When devout Methodists started meeting each summer here 123 years ago, a tent-covered rectangular platform served as a pulpit for some of the most famous preachers, evangelists and holiness workers of the Victorian era. By 1873, a Pennsylvania Dutch-style pole barn had supplanted the platform. The white wooden auditorium stood as an open-air centerpiece among camp-style cottages extending out in 12 directions, representing the number of God's apostles. From this axis, the orators inspired thousands to travel from Camden, Philadelphia and South Jersey each summer by horse-drawn wagons or via the West Jersey Railroad's "Camp Meeting Express" to hear God's word.
NEWS
February 1, 2013 | By Kathleen Tinney, Inquirer Staff Writer
The Rev. Carl W. Halvorsen was a pastor to Methodist congregations in South Jersey for four decades, and a devoted man of God for far longer. Yet that didn't stop him from engaging the Almighty from time to time in some stern, even impertinent, conversations. In recent years, many were about his wife, Marcella, stricken with Parkinson's disease and then a stroke. He not only asked the proverbial question - why do bad things happen to good people? - but wrestled with the paucity of answers he got back.
NEWS
January 20, 2004 | By Walter F. Naedele INQUIRER STAFF WRITER
At Doylestown United Methodist Church yesterday morning, about two dozen grammar school children were building birdhouses. The children will take their birdhouses to friends, to tell them something about Habitat for Humanity, the agency sponsoring that effort. At neighboring Temple Judea, on Route 313 near Route 202, another two dozen children were sewing small quilts. They will be given to children in need, such as cancer sufferers who might clutch them while enduring chemotherapy.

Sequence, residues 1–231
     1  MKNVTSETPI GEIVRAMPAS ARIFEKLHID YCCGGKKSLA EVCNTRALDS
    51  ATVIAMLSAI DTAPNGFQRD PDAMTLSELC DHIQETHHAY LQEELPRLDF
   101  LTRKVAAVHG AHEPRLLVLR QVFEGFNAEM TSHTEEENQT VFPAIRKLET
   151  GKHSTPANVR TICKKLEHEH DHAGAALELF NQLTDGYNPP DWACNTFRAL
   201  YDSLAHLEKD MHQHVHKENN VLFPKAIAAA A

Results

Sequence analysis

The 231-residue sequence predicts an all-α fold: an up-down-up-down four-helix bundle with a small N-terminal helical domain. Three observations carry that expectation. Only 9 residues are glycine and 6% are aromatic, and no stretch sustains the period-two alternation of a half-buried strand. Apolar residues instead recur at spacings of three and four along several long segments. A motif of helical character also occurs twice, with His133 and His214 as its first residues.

NEWS
July 30, 2000 | By Annette John-Hall, INQUIRER STAFF WRITER
Texas Gov. George W. Bush has lauded faith-based institutions as examples of the "compassionate conservatism" that has been his rallying cry throughout his presidential campaign. All the more reason, say members of Philadelphia's faith community, that they will make their voices heard when the Republican National Convention comes to town this week. Only problem is, they may drown one another out. Religious leaders have scheduled round-the-clock events - from special worship services and prayer vigils to panel discussions and demonstrations - all with the intention of bringing national attention to what they say is a universal message.
SPORTS
August 24, 2000 | By Jay Nagle, INQUIRER STAFF WRITER
Tiger Woods wasn't the only one to find a groove on the golf course this summer. Bill Fitzgerald, who completed an all-Catholic career at Archbishop Ryan two months ago, won three junior events - one in June, one in July, and one in August - before starting his college career Friday at Division III powerhouse Methodist (N.C.) College Fitzgerald started the summer by capturing the Pennsylvania Tour of Champions Invitational at the Hershey Country Club South Course on June 27. Fitzgerald, a 5-foot-8, 150-pounder, shot a 1-under-par 70 to best a field of 60 players by 5 strokes.